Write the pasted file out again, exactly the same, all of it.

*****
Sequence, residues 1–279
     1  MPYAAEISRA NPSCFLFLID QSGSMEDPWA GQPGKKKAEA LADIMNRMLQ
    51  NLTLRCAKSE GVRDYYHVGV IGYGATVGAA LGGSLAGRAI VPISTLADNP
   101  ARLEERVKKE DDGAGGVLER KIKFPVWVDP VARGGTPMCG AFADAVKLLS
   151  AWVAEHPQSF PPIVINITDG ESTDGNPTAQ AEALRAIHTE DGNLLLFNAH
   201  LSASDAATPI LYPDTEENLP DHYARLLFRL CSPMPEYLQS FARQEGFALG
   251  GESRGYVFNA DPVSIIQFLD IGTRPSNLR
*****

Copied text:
Sequence, residues 1–279
     1  MPYAAEISRA NPSCFLFLID QSGSMEDPWA GQPGKKKAEA LADIMNRMLQ
    51  NLTLRCAKSE GVRDYYHVGV IGYGATVGAA LGGSLAGRAI VPISTLADNP
   101  ARLEERVKKE DDGAGGVLER KIKFPVWVDP VARGGTPMCG AFADAVKLLS
   151  AWVAEHPQSF PPIVINITDG ESTDGNPTAQ AEALRAIHTE DGNLLLFNAH
   201  LSASDAATPI LYPDTEENLP DHYARLLFRL CSPMPEYLQS FARQEGFALG
   251  GESRGYVFNA DPVSIIQFLD IGTRPSNLR